Yang Tai Chi Chuan

Regular mental and physical exercise is the key to long term good health.  When performed slowly and gently, the Chinese martial art known as “t’ai chi chuan” is especially suitable for older students concerned to maintain their health and for students with poor health looking to improve it.  Those who are already in good health and physically fit can benefit from a more vigorous approach.

“All my classes focus on improving each individual’s physical and mental fitness,” says Fong, “appropriate to their age and level of conditioning.”

History

Yang Luchan (1799-1872) learned t’ai chi chuan from Chen Chang-xing (1771-1853). With their mastery of t’ai chi skills, Yang and his sons did much to popularize t’ai chi in martial arts circles. After coming to Beijing, however, he gradually changed the old-style routines he had mastered to suit the needs of wealthier students who sought to keep themselves healthy and physically fit instead of learning to fight. Yang’s version of the form was adapted yet again by his grandson Yang Chenfu (1883-1936), and this form has been finalized now as the “Big style.”

The Big style form with its extended and graceful movements has become the most famous t’ai chi style in the world today — overshadowing less well known styles like those of the Chen, Yu, and Sun schools. Perhaps the most significant aspect of the historical development of Yang Style is the emphasis placed by most current teachers of this form of t’ai chi chuan on the benefits of training for health and longevity, as opposed to its usefulness as a fighting art.

Features

Despite their different characteristic movements and techniques, the various forms of t’ai chi chuan share a common training principle: the movements of the form must be executed in such a way that the sense of relaxation gives rise to a state of softness which produces in turn a state of firmness, such that softness and firmness properly complement one another. The basic idea behind this principle is that the student must learn which muscles must go to work and which he must let go to move with the greatest power and efficiency. Learning simultaneously to work and let go of which muscles when is the task of a lifetime.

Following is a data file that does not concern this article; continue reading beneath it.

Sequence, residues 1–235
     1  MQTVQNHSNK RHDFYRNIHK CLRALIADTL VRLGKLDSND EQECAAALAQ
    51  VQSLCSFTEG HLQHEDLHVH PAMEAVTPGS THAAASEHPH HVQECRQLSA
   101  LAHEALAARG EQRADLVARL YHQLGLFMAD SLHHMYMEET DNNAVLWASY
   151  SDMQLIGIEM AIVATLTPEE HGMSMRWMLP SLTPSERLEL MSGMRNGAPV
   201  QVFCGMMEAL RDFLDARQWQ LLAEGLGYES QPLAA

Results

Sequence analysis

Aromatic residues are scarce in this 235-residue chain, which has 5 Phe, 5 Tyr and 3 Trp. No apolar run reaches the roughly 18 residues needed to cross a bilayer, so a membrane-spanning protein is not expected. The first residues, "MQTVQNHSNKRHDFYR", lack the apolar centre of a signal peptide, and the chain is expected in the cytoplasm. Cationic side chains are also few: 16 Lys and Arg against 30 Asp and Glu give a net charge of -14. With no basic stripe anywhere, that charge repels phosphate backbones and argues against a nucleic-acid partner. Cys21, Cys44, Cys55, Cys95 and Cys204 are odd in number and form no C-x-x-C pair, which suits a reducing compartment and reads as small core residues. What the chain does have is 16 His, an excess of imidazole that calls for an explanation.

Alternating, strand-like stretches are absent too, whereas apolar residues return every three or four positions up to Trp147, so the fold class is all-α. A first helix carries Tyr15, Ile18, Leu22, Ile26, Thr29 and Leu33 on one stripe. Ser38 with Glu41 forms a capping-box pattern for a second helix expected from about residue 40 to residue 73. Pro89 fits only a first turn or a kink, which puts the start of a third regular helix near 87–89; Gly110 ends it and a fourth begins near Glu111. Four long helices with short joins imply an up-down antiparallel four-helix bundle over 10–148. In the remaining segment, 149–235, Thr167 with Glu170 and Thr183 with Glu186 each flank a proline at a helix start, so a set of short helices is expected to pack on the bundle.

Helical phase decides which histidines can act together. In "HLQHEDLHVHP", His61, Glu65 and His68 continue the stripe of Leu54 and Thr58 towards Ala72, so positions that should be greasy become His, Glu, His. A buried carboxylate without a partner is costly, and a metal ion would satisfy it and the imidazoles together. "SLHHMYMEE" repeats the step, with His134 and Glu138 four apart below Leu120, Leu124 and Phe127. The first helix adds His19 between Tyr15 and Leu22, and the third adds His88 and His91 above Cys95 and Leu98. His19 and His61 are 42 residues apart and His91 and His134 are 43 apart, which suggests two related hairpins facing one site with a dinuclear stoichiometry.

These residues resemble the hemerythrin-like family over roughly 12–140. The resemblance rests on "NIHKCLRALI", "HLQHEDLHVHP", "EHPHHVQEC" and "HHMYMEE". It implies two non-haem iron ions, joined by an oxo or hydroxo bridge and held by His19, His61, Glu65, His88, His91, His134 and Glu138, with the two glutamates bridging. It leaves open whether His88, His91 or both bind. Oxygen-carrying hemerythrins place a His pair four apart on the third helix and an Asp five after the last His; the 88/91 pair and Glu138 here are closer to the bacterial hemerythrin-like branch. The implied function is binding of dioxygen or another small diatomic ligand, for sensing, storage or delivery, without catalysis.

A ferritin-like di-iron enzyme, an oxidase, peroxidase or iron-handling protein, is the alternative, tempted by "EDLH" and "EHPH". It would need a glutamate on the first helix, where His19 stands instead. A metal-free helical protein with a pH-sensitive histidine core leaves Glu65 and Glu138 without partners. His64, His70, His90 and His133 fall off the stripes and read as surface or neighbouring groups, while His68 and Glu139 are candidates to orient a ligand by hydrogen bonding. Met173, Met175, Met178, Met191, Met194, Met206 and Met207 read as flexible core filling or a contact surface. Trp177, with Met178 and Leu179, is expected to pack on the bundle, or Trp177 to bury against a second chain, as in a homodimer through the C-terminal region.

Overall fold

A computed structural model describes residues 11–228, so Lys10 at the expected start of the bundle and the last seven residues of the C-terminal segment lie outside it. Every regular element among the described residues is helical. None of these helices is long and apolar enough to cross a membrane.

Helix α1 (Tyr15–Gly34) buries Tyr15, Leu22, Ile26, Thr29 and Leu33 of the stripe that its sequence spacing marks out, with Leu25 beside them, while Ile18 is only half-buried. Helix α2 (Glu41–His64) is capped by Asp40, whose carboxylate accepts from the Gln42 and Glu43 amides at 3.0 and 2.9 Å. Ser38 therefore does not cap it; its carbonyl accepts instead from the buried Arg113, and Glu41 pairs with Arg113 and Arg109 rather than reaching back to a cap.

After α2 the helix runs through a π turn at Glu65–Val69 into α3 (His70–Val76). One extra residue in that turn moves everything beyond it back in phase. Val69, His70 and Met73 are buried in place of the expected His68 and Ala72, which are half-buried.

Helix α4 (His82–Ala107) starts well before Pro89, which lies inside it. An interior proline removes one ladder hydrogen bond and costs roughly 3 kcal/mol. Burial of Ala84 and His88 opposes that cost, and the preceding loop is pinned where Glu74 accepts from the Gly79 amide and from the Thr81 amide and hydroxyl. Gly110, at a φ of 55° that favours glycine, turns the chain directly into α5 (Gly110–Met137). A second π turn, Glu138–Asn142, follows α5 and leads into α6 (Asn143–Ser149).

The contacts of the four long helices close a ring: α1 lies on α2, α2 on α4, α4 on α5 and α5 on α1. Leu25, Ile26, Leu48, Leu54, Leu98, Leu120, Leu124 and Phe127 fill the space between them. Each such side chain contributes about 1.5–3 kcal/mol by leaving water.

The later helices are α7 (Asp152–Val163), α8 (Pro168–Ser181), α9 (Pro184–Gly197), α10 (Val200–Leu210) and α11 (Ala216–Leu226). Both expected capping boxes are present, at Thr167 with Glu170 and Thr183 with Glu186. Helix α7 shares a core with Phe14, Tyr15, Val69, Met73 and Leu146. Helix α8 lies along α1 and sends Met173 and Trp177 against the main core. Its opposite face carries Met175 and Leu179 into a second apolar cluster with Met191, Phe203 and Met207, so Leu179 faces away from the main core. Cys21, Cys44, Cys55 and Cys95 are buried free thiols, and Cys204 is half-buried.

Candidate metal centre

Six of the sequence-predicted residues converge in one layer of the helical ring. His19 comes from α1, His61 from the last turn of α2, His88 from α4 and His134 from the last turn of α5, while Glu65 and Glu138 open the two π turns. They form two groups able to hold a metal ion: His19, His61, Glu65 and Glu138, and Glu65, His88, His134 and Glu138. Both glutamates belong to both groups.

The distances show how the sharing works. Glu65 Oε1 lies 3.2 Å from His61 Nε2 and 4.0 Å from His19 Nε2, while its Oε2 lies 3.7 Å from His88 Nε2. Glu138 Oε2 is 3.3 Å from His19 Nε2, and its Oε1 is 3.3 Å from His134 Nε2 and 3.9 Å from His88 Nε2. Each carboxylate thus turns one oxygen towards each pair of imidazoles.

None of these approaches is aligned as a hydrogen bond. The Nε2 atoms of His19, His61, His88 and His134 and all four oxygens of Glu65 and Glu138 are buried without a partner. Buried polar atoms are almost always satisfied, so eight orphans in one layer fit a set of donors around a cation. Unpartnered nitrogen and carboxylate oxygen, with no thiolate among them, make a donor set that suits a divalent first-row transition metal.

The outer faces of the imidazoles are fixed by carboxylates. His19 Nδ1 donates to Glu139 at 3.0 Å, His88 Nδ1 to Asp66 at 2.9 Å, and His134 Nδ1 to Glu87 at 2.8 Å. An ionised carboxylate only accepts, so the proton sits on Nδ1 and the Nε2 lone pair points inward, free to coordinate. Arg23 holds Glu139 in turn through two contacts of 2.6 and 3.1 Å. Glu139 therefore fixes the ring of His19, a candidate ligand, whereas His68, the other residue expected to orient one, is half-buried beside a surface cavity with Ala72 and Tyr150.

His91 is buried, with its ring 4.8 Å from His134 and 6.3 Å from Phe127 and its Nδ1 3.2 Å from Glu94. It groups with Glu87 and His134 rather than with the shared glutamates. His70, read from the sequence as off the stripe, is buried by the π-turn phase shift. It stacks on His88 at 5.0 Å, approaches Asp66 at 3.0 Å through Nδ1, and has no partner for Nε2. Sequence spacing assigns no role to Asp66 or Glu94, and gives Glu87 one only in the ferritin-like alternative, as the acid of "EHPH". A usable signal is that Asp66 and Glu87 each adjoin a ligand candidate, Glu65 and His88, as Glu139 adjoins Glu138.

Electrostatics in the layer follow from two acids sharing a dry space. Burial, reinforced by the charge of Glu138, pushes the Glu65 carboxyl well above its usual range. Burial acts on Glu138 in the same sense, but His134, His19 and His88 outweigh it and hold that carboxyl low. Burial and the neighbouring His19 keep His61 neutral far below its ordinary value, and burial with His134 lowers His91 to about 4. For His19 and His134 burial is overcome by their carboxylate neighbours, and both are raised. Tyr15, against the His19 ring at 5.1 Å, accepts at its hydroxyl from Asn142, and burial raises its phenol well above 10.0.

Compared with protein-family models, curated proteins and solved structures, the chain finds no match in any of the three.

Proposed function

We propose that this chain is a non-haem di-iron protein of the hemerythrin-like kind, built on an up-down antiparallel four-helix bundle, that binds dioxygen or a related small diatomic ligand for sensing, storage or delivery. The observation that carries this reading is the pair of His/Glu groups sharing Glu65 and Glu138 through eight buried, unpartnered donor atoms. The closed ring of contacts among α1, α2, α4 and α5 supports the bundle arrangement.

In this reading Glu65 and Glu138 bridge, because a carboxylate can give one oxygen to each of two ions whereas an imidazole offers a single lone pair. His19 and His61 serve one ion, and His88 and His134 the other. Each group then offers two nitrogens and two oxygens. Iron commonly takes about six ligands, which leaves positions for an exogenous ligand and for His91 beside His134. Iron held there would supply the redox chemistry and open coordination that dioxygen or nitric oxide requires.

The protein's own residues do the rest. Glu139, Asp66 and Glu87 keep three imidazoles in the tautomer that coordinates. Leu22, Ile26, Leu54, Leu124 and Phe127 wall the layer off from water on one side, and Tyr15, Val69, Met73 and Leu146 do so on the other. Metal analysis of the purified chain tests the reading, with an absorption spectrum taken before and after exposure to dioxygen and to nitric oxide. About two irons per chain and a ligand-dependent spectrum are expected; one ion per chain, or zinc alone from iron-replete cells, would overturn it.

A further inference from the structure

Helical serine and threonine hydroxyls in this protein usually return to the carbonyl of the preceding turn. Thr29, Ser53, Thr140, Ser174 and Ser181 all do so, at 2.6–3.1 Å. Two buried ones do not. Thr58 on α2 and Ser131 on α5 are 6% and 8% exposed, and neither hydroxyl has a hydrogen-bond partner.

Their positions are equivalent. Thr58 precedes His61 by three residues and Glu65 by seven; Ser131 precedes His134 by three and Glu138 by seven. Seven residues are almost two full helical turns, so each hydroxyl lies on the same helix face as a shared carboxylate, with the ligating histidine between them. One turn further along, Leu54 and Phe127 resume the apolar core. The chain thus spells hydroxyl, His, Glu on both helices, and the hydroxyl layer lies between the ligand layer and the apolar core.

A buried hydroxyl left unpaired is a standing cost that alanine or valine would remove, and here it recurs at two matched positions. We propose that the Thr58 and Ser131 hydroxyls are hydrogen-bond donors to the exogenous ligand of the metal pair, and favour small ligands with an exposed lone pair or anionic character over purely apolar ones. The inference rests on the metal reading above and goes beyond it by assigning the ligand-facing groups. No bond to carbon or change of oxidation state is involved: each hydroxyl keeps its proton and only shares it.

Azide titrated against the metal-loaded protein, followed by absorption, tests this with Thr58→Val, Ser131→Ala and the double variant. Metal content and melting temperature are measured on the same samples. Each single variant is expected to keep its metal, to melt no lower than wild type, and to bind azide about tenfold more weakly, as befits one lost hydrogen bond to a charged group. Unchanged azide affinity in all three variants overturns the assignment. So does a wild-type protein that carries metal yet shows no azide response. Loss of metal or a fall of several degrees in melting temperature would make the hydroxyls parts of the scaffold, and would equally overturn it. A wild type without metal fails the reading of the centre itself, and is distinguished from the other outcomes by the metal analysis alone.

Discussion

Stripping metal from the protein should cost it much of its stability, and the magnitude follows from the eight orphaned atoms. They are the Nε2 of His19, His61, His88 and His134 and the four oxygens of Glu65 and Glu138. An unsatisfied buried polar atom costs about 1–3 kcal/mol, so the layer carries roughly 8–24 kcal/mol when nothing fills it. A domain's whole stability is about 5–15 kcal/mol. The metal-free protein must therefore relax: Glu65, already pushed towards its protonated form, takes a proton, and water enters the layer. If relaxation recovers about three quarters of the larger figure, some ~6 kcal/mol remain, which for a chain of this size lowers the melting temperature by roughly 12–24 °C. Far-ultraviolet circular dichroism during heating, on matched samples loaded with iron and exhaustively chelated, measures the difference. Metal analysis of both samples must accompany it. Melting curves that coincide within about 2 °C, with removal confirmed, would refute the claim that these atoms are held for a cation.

The postures and the transitions between them that make up the movements of Yang Style t’ai chi chuan should be performed in such a way as to stretch, flex, and twist each and every muscle throughout the body. The rather complicated actions that constitute the Yang form are intended not only to contract effectively all the main and peripheral muscles of the body but also to improve and revitalize the keenness and sensitivity of the whole nervous system. Movements should be performed slowly, lightly, and calmly in a naturally effortless manner and with smooth continuity between the postures throughout the entire form. And because each movement must be coordinated with one’s breathing, inhalations and exhalations must be deep and slow. A continuous succession of slow, light, steady, and calm movements can be executed only with the spine held upright and with the mind both concentrated and relaxed throughout the form. All extraneous thought and feelings should be studiously ignored.

After completing the form, the student should feel free of fatigue and with a renewed sense of vigor. The entire body should be charged up and warmed from the toes to the fingers. These results are generally thought to be the effects of the deliberate activation of the nervous system required for conscious movement, stimulated circulation of the blood, and intensified flowing and draining of lymphatic fluid during performance of the form. When combined with the mental relaxation demanded of the student, these effects make Yang Style t’ai chi chuan a form of meditation in motion.

Benefits

Yang Style t’ai chi chuan differs entirely from other forms of exercise. Besides making the student use every muscle and joint in a coordinated and organic manner, each movement of the form must harmonize as well with naturally deep diaphragmatic breathing. Moreover, proper performance of the form also requires both mental tranquility and concentration.